As artists, both Krieps and Touzani find authenticity in their work by giving themselves over to their feelings and letting those emotions—whatever they may be—guide their journey. In Touzani’s case, this means she doesn’t know the story of her film when she sits down to write. Her process relies purely on instinct and never feels rational or explicable.

Whenever I write a script, it's always triggered by an emotion. An emotion that can come from meeting a person and what that can provoke,” she explains in a recent interview. “But it has always, always been an emotion that has been at the origin. An emotion or a series of emotions that I feel started to build up inside.”

The Beautiful Mess Effect


What does this mean for those of us who don’t spend our days on set? These reflections on openness and availability are valuable for anyone concerned with leaving an impression—whether it be as leader, public speaker, or simply a charismatic wit about town. There’s a popular misconception that we’re drawn to people who seem effortlessly confident and sure of themselves. Sure, those without noticeable chinks in their armor can be riveting to look at and listen to for a while. But under bright lights, their polish can start to glare. We may long to see a break in their charming demeanor, see them lose their train of thought for a moment or be caught off guard by an unexpected heckle. It’s not a matter of schadenfreude; it’s a matter of identifying with another human being and seeing reactions that feel unplanned and genuine.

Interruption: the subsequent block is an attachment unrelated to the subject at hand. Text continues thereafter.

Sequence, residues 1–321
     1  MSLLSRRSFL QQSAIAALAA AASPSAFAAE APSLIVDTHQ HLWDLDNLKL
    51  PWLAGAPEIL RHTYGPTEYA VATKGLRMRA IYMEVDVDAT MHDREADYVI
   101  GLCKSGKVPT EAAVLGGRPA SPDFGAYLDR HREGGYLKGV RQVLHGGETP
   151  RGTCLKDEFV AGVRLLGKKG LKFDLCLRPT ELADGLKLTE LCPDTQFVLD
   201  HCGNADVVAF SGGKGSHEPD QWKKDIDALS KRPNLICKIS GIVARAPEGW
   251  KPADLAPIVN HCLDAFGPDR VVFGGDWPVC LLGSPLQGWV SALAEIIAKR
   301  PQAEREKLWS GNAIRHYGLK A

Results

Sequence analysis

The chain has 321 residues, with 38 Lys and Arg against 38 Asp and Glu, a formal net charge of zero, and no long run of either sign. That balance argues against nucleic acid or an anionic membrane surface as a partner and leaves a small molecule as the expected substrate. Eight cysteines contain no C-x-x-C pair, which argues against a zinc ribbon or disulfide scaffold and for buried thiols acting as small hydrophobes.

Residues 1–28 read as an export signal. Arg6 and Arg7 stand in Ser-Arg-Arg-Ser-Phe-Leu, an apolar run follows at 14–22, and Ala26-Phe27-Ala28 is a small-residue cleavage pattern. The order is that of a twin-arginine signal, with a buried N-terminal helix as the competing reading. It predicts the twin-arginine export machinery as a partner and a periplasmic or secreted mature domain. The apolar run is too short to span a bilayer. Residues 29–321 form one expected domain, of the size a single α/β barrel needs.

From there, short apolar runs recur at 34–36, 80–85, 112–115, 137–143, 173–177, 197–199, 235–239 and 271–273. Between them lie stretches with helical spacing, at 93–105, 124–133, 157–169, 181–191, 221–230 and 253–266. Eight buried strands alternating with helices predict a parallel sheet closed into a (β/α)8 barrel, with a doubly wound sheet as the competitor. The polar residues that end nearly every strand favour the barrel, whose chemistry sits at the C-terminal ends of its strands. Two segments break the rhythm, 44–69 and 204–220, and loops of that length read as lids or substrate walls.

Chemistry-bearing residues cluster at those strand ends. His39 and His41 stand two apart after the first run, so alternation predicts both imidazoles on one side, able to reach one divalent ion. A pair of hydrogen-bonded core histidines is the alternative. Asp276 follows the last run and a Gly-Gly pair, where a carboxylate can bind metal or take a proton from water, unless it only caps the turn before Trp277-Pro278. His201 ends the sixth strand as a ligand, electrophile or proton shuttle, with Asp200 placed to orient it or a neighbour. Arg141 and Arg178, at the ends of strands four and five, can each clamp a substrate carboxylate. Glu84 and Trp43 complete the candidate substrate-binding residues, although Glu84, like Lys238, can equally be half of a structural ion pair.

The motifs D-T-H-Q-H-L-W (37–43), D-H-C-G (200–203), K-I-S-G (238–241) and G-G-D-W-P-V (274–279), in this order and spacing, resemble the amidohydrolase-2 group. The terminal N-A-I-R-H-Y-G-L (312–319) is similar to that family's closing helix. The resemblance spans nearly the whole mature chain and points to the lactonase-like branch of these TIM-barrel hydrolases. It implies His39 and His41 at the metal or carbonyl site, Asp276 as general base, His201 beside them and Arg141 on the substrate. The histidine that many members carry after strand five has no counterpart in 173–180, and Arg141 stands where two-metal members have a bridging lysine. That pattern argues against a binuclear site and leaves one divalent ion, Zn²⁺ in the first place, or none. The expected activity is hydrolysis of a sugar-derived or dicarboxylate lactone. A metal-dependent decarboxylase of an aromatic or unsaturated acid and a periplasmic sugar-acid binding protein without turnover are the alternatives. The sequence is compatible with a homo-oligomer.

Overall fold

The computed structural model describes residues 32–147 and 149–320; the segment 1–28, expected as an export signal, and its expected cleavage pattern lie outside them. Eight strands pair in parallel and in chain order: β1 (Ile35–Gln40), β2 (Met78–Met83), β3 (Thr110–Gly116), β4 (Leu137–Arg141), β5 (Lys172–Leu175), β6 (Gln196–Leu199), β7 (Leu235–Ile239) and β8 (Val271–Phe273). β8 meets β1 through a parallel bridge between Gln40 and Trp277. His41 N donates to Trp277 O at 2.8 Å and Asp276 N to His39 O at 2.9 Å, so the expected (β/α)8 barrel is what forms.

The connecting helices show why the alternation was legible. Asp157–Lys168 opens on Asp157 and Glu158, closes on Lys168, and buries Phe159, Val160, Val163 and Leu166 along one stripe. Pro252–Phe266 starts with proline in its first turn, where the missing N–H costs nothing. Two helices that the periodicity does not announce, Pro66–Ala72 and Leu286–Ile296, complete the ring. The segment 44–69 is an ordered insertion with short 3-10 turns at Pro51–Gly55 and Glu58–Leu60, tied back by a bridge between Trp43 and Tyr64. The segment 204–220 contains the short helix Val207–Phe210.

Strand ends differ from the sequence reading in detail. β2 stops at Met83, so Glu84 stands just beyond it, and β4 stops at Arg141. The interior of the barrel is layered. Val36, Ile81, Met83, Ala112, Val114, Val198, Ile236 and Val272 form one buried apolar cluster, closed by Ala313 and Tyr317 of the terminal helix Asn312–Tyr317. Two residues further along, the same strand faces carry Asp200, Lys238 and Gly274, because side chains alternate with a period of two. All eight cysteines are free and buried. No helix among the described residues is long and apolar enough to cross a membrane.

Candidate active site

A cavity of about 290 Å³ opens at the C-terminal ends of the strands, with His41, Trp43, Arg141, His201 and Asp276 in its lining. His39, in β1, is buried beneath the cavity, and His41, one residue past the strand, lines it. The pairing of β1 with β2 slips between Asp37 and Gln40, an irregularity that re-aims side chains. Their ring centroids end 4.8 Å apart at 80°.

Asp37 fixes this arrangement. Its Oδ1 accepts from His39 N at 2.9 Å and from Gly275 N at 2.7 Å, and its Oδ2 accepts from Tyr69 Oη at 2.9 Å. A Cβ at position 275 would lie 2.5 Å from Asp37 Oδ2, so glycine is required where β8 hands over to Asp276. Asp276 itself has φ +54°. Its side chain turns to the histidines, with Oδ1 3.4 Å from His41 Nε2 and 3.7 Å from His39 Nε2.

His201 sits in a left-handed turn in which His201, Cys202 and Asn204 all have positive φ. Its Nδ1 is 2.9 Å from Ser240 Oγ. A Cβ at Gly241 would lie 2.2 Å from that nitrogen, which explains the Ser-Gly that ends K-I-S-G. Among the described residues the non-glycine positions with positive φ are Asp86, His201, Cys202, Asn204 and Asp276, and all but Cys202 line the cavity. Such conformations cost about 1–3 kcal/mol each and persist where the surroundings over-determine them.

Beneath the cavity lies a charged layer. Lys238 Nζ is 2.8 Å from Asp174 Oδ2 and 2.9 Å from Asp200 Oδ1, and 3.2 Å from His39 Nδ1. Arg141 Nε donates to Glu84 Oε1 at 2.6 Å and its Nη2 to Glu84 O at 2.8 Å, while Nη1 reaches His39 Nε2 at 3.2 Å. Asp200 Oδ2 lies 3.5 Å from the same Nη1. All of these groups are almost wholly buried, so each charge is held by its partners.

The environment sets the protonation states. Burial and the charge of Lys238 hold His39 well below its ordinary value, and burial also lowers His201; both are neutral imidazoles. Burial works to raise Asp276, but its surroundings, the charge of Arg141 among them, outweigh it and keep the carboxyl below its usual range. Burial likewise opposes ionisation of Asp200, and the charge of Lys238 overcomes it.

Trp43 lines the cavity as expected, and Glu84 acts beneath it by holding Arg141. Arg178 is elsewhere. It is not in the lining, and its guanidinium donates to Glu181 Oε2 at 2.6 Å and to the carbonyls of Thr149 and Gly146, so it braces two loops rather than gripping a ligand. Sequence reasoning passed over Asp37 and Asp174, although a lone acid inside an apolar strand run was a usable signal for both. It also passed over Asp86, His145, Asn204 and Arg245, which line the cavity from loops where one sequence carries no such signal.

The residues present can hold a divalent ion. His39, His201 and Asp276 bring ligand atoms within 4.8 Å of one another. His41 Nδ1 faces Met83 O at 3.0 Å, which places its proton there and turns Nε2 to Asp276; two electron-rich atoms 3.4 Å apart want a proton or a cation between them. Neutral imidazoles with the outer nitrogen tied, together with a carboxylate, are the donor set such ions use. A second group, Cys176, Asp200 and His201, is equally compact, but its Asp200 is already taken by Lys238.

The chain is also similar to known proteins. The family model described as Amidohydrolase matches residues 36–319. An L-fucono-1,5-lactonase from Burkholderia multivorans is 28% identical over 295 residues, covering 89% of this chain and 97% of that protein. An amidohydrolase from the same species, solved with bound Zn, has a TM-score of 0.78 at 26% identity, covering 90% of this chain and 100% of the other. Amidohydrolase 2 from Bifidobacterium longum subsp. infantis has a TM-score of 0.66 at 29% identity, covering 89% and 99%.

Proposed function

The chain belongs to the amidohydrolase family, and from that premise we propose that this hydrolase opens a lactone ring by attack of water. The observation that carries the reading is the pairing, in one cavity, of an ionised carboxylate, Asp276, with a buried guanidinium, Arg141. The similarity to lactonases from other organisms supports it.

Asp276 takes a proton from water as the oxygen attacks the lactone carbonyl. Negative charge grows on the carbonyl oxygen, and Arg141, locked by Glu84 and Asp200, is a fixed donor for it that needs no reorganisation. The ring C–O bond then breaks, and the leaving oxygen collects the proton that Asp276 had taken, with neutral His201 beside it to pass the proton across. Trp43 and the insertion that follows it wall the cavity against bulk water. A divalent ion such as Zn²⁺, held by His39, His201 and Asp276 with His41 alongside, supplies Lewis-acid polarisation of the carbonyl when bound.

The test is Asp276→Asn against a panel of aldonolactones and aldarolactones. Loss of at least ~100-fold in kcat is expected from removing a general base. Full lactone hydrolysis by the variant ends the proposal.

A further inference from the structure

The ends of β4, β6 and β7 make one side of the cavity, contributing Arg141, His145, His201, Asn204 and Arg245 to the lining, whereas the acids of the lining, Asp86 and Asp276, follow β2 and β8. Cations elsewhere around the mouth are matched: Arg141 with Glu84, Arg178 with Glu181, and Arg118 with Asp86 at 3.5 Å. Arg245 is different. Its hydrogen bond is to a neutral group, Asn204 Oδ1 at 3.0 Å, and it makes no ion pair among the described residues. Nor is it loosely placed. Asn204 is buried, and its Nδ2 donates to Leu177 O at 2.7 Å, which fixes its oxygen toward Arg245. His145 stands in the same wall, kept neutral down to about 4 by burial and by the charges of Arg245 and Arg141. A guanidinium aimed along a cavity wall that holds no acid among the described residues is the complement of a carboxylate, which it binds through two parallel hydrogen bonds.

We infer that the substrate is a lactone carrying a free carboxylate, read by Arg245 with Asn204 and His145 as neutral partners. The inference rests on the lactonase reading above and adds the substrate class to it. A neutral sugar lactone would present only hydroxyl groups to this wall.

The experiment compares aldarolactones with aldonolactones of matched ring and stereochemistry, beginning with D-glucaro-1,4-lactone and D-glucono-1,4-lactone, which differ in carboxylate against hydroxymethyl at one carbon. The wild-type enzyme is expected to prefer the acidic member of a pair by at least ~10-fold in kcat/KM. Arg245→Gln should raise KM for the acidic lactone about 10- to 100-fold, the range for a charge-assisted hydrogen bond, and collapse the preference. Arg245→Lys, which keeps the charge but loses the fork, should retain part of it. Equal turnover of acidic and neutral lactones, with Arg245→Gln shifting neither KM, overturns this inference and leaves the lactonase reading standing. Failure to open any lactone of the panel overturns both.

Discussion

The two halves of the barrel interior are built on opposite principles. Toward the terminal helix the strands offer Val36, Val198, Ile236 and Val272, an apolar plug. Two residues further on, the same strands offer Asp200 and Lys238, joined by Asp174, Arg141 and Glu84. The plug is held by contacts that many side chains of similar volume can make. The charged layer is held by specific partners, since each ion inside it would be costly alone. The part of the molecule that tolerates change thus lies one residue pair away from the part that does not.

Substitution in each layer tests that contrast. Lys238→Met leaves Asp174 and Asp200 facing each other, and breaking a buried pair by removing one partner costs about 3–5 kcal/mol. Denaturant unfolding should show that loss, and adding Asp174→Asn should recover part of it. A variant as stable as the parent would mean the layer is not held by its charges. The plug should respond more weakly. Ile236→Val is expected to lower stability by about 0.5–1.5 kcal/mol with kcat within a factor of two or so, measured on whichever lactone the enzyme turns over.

Research supports this desire. A recent study by the Journal of Personality and Social Behavior shows that we’re more inclined to like people who show vulnerability. In fact, a study by the same journal discovered that people who blush and embarrass themselves easily are often seen as more trustworthy and generous. The researchers learned that while people tend to feel weak and uncomfortable when they reveal their own vulnerabilities, they regard other people who show vulnerability as courageous and approachable.

This double standard has become so recognized in psychology that it’s earned a name for itself: the Beautiful Mess Effect. In a nutshell, being vulnerable feels weak on the inside, but looks like strength and courage to everyone else.

Test the theory and think of the people you’re most drawn to. Are they flawless, silky, ethereal –the human equivalent of an Hermès scarf? Or are they more like a tangle of found objects and discarded curios, rough here, soft there, catching you off guard with a sudden curve, point, or new texture?

We’re ready to place our bet.